Tuesday, 1 April 2014

Summer Onion Soup (49p)

For the past week I’ve been hiding under my blanket with a lurgi which refuses to leave. In times like this I turn to soup. The market for fresh soup is huge, but if they’re not on offer you can find yourself paying through the nose when, well, when you can’t even breathe through your nose.

Soup was one of the first things I learnt to cook, me and my dad used to make pots of vegetable soup. This recipe is based on James Martin’s recipe for French onion soup, but is golden in colour an
d much lighter.
Poaching chicken makes it soft, succulent and just fantastic. I only tried this for the first time recently, and it made me realise how dry I’d been cooking my chicken. It also adds more flavour to the stock and is healthier because you’re not adding extra fat to the chicken. However, the chicken is optional and it's still a delicious soup if you don't add it - without the chicken the cost is 16p per portion. You could also add other veg like broccoli and carrots - the world or veg counter is your oyster (or cauliflower).

This recipe will feed 3 with big bowls. If white onions are too expensive (the price tends to fluctuate dramatically) then use 2 red and 1 white.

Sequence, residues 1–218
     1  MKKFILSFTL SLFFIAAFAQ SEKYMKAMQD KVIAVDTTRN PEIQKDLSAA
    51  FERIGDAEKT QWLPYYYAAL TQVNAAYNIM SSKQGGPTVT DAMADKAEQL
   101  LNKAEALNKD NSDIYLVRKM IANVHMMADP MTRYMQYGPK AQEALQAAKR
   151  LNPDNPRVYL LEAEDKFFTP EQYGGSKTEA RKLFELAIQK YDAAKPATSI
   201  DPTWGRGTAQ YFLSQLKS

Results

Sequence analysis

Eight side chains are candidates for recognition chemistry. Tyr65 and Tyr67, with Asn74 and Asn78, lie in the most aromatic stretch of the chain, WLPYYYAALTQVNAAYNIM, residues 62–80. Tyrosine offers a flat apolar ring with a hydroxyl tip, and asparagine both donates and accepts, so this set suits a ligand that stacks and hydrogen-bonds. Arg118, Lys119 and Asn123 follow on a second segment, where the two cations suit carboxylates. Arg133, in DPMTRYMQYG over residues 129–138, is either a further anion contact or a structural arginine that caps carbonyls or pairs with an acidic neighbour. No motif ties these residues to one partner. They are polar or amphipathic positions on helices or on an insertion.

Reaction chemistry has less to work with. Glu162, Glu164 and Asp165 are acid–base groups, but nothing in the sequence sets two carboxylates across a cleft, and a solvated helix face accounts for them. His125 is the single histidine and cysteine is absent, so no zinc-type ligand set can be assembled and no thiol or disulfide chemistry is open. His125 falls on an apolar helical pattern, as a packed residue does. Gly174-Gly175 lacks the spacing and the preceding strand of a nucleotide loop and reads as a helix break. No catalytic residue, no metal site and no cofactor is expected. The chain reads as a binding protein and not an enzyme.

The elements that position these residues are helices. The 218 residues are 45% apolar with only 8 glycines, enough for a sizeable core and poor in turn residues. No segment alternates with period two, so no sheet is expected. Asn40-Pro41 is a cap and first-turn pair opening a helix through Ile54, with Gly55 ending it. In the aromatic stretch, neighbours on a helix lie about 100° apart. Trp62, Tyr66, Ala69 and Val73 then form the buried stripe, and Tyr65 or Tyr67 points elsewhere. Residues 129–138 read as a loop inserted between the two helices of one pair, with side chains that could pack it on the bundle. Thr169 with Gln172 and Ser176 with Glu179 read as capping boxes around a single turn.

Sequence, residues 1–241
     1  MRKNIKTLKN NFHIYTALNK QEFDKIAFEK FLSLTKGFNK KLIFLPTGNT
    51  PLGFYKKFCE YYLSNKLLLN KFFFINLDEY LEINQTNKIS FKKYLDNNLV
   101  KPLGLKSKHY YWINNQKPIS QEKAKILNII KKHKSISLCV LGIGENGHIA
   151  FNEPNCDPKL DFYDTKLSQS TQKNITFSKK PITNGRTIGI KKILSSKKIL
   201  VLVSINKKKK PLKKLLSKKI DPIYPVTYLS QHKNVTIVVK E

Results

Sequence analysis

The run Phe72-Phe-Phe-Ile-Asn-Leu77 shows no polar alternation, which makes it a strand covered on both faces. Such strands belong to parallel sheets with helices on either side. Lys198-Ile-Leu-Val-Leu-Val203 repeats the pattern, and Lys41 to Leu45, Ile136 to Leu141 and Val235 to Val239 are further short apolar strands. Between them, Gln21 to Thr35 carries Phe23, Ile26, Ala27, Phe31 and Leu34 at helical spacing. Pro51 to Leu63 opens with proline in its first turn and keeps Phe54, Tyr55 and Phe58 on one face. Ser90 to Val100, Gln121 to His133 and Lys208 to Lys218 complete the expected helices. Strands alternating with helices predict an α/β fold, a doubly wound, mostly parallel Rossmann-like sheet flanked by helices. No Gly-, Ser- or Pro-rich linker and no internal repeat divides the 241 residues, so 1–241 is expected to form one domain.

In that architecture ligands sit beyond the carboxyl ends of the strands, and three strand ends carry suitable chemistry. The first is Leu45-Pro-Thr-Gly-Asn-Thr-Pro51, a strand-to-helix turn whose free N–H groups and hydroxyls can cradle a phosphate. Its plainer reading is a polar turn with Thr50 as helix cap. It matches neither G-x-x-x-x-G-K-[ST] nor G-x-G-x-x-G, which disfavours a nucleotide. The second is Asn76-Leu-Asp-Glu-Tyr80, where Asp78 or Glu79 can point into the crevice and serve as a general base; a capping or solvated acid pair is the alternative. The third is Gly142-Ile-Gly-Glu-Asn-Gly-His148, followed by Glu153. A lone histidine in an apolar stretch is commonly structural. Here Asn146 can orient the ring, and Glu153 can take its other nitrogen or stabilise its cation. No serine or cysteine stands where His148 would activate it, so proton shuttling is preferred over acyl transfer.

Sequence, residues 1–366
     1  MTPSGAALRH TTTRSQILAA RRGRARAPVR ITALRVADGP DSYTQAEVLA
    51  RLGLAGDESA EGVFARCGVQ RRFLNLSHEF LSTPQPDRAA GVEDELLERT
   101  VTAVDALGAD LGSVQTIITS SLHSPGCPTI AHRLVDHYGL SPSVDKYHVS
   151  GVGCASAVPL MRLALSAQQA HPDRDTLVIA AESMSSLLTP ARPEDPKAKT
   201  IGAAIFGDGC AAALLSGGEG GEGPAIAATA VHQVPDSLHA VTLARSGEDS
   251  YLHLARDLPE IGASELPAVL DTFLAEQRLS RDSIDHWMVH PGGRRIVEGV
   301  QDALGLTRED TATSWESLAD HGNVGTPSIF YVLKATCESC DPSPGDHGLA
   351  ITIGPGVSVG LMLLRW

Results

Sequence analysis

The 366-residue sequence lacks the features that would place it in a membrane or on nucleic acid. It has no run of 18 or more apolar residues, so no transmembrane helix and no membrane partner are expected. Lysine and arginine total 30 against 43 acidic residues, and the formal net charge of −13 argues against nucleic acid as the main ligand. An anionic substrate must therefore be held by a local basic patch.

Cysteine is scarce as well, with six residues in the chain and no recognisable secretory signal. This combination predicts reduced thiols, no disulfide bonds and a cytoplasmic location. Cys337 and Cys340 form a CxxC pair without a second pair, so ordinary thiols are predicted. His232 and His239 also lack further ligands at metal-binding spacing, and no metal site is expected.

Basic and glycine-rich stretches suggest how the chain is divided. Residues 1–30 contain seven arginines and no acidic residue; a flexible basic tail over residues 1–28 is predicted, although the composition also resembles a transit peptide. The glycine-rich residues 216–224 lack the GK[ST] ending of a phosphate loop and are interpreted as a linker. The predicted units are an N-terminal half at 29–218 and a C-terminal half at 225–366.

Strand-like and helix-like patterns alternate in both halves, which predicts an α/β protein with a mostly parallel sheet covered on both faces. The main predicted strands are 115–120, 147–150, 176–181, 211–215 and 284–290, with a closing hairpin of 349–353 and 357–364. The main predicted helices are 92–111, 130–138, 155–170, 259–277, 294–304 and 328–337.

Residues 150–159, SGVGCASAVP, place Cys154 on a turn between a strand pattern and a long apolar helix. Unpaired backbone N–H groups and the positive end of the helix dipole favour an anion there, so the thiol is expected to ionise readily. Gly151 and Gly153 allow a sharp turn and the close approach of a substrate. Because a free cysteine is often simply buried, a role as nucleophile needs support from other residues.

You Will Need:
1 chicken breast
2 white onions
1 red onion
1 litre chicken stock
A splash of milk (about 50ml)
1tsp flour
A couple of handfuls of frozen peas
¼ tsp chilli powder (optional)

1.       Trim your chicken breast, getting rid of the tendons or ‘gross bits’. Use a large pan to bring your stock to the boil, then turn the heat down to a low-medium and add your chicken breast. Place a lid on and leave for 25minutes, or until it’s cooked all the way through. When it’s cooked, put to one side and drain your stock into a jug.

Yes, this is a different colour onion.
 I was making something else at the time!
2.       Thinly slice your onions into half-moons, caramelise in a mix of oil and butter over a medium heat. This will take about 15minutes, stir them regularly so they don’t burn until they have reduced in size and taken a brown colour. When they first start to sizzle, you can add a pinch of sugar to add a sweeter flavour.

3.       Add the milk and the flour. Stir in the flour until it cooks out – this will help thicken the soup but won’t make it taste of flour. If you wanted to you could also add wine at this stage. 

4.       Add your stock and leave to simmer for about 15minutes. Shred your chicken using two forks or your fingers, after 10minutes add the chicken and the frozen peas to the soup.

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